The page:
22 Jul A place of help and hope
by Sonja J. Keith
It’s been 25 years since the Conway community came together to offer a safe haven for abused and neglected children. In that time, HAVEN (Help for Abuse Victims in Emergency Need) has occupied three shelters and helped an estimated 3,000 children.
According to Jenny Morse, executive director, HAVEN’s mission is “to provide a safe, nurturing environment for every child who comes here.” The residents are girls who typically have been the victims of abuse and neglect at the hands of a loved one.
HAVEN traces its beginning in 1986 to Mary Aleese Schreiber, who was chief executive officer of Counseling Associates Inc., and recognized a need for a local shelter. Serving as the national president of Junior Auxiliary, she approached the members of the Conway Junior Auxiliary. Members located a house and raised the funds to purchase it. CAI hired Lou Strain (current CAI program operations director for Faulkner County) as the first director and assumed responsibility of the business aspect of HAVEN. JA has continued its support of HAVEN through the years.
HAVEN is hosting a 25th anniversary celebration from 5-7:30 p.m. Thursday, Sept. 22, at the Conway Country Club.
A brief program is planned at 6 p.m. Organizers hope that individuals who helped open HAVEN will attend, as well as volunteers, former board members, employees and other supporters.
Refreshments will be served and the public is invited to attend.
As a program of Counseling Associates, HAVEN residents work with CAI therapists to address their personal issues and challenges, even though some of the situations seem insurmountable. Jenny describes residents as normal children who are victims of child abuse, which does not discriminate by income level or race.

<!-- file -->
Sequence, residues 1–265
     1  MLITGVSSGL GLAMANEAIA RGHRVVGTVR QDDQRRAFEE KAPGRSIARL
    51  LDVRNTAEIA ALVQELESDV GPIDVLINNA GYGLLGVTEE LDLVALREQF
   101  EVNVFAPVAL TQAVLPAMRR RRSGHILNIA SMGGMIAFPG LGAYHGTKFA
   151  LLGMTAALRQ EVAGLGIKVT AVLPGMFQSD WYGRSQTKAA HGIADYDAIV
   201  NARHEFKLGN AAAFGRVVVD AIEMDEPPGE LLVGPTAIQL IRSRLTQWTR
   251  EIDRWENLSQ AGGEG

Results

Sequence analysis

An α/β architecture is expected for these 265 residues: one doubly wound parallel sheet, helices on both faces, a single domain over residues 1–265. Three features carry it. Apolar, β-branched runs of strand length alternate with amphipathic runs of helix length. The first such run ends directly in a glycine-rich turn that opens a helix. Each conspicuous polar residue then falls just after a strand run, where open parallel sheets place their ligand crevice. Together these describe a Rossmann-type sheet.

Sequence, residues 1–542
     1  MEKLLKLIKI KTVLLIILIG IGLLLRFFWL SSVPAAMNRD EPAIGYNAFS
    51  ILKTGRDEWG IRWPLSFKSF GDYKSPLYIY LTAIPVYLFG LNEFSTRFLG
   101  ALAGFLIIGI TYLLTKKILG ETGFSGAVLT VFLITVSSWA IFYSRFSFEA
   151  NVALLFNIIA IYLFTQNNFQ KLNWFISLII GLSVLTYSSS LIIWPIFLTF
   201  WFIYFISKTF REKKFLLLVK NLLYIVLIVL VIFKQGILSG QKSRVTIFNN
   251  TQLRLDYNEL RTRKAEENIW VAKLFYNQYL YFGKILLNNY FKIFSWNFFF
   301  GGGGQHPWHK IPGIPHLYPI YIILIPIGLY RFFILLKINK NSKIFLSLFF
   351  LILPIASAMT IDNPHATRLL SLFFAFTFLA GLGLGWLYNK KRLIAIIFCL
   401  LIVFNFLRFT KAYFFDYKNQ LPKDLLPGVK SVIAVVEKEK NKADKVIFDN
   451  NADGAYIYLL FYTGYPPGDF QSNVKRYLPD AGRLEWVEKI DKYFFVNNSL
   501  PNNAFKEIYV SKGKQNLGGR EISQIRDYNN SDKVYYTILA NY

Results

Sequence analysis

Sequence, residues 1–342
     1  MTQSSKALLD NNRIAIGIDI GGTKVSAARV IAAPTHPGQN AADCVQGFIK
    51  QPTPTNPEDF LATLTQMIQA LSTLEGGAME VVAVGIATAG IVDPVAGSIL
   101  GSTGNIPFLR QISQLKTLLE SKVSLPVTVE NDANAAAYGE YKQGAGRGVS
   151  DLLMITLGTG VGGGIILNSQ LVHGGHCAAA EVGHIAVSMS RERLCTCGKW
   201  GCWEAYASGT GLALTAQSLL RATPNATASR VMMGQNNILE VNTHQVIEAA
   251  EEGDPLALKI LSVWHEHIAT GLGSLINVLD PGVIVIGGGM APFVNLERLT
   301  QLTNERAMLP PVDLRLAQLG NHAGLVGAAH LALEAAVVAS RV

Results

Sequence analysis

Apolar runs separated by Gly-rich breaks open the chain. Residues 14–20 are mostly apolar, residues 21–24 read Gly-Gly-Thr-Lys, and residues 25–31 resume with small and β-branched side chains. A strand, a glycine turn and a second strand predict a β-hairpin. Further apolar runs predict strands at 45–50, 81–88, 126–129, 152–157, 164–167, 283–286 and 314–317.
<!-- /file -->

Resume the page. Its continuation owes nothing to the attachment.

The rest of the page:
“They are children you would see in the grocery store or a child that sits next to your child at school.”
Jenny and the staff take it one day at a time and focus on the positive, small steps being made and not on the abuse that has happened. She considers HAVEN an opportunity for a fresh start and a healthy home environment, something many have not experienced before. “We can’t change the hurts they’ve had,” she said, but along the way the staff shows the residents love, respect and a better way.
“We work one day at a time to make a positive difference . . . We want them to heal from the hurts and move forward.”
Jenny said those positive steps may be as simple as getting a cavity filled or going to a movie for the first time. She said HAVEN residents recently went to Wild River Country, and for several girls, it was their first trip to a water park.
HAVEN has two state contracts – one to provide emergency shelter (45 days or less) and the other to provide long-term residential services (with no time limit). HAVEN is licensed to serve girls ages 6-18, with the average age at 15.
The state has licensed HAVEN for 12 beds, and the house has four bedrooms and two bathrooms. Jenny points out that the home has a lot of benefits, but if there were more space, more girls could be served. She said HAVEN gets contacted with referrals for boys, which it does not take, and sibling groups, which can be difficult to accommodate because of the number of children and their ages.
“My first priority is to the kids who live here now.”